A Lost Year
Modified on: December 2, 2020
I received a personal message from an activist who lives many states away. This person does serious work, organizing movements and developing major funding, for cutting-edge social justice initiatives throughout the country, especially for racial justice, the political empowerment of every citizen, and LGBTQ rights.
“I feel like this is a lost year,” they wrote.
This person has achieved tremendous success with their work all year long, impacting all of our lives. This is not an exaggeration. And yet the weight of this year leaves them feeling as if time has evaporated and nothing has been accomplished.
This has been a hard year. It has asked a great deal of us all. The sentiment my friend expressed is one I hear in late night jokes, read on t-shirts, and hear in the course of many conversations.
And now, the winter holidays. These celebrations can be complicated for us even in the best of times. With the compounding weight of the pandemic, with the distance we must draw and the isolation we feel, they are that much more strange and complex. How can we celebrate?
We can celebrate with grief and joy. We are people capable of complex emotions. A question can have more than one answer.
The stories of our winter celebrations themselves—of Solstice, Hanukkah, Christmas, and New Year’s—are stories of people passing through darkness, sharing light to illuminate time and history. These are stories of kindness, hospitality, resilience, and joy—gifts we share with one another, to sustain each other through troubled times.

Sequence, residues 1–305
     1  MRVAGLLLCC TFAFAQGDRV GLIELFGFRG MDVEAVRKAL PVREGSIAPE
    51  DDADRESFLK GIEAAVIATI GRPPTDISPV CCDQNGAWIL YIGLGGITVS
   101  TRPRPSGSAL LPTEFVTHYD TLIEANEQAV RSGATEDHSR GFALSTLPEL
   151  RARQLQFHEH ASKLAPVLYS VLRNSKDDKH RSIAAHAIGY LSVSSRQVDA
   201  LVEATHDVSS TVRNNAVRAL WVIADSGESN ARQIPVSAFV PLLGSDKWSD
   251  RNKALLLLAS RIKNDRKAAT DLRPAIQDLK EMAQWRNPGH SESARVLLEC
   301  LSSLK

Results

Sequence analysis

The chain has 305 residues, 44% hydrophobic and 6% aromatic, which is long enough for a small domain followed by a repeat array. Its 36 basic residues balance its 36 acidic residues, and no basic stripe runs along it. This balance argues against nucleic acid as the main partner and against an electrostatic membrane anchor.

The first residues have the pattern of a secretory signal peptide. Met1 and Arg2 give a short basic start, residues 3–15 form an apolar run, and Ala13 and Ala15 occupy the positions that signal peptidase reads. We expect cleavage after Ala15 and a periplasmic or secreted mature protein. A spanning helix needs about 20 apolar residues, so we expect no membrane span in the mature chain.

We tell these stories, we celebrate these festivals year after year, not only because they are a tradition. We tell these stories, we celebrate these festivals year after year, to practice for when it is our turn to share light in darkness.
Is this a lost year? A question can have more than one answer. This winter, we will pass through darkness. Let us grieve what we have lost—and let us celebrate.
Peace & joy at the turning of this year—
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